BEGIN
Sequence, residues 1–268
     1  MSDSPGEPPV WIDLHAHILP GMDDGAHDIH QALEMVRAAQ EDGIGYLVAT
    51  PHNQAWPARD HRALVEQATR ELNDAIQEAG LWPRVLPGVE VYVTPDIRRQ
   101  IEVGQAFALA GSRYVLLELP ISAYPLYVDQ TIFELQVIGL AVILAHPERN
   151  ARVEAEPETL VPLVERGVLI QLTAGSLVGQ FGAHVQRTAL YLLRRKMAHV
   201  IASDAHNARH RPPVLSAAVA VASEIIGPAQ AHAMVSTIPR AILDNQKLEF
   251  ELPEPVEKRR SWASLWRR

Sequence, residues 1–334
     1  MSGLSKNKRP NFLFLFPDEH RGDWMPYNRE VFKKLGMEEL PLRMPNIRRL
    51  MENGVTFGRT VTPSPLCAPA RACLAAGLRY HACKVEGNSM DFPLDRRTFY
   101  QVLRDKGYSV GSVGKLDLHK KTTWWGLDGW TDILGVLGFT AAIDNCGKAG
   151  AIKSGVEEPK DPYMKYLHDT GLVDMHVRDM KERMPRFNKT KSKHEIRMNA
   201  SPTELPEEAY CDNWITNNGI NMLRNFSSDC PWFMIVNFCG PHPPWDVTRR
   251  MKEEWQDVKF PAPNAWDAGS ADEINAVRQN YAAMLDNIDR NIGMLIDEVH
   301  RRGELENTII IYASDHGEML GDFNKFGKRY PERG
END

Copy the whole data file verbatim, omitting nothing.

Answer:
Sequence, residues 1–268
     1  MSDSPGEPPV WIDLHAHILP GMDDGAHDIH QALEMVRAAQ EDGIGYLVAT
    51  PHNQAWPARD HRALVEQATR ELNDAIQEAG LWPRVLPGVE VYVTPDIRRQ
   101  IEVGQAFALA GSRYVLLELP ISAYPLYVDQ TIFELQVIGL AVILAHPERN
   151  ARVEAEPETL VPLVERGVLI QLTAGSLVGQ FGAHVQRTAL YLLRRKMAHV
   201  IASDAHNARH RPPVLSAAVA VASEIIGPAQ AHAMVSTIPR AILDNQKLEF
   251  ELPEPVEKRR SWASLWRR

Sequence, residues 1–334
     1  MSGLSKNKRP NFLFLFPDEH RGDWMPYNRE VFKKLGMEEL PLRMPNIRRL
    51  MENGVTFGRT VTPSPLCAPA RACLAAGLRY HACKVEGNSM DFPLDRRTFY
   101  QVLRDKGYSV GSVGKLDLHK KTTWWGLDGW TDILGVLGFT AAIDNCGKAG
   151  AIKSGVEEPK DPYMKYLHDT GLVDMHVRDM KERMPRFNKT KSKHEIRMNA
   201  SPTELPEEAY CDNWITNNGI NMLRNFSSDC PWFMIVNFCG PHPPWDVTRR
   251  MKEEWQDVKF PAPNAWDAGS ADEINAVRQN YAAMLDNIDR NIGMLIDEVH
   301  RRGELENTII IYASDHGEML GDFNKFGKRY PERG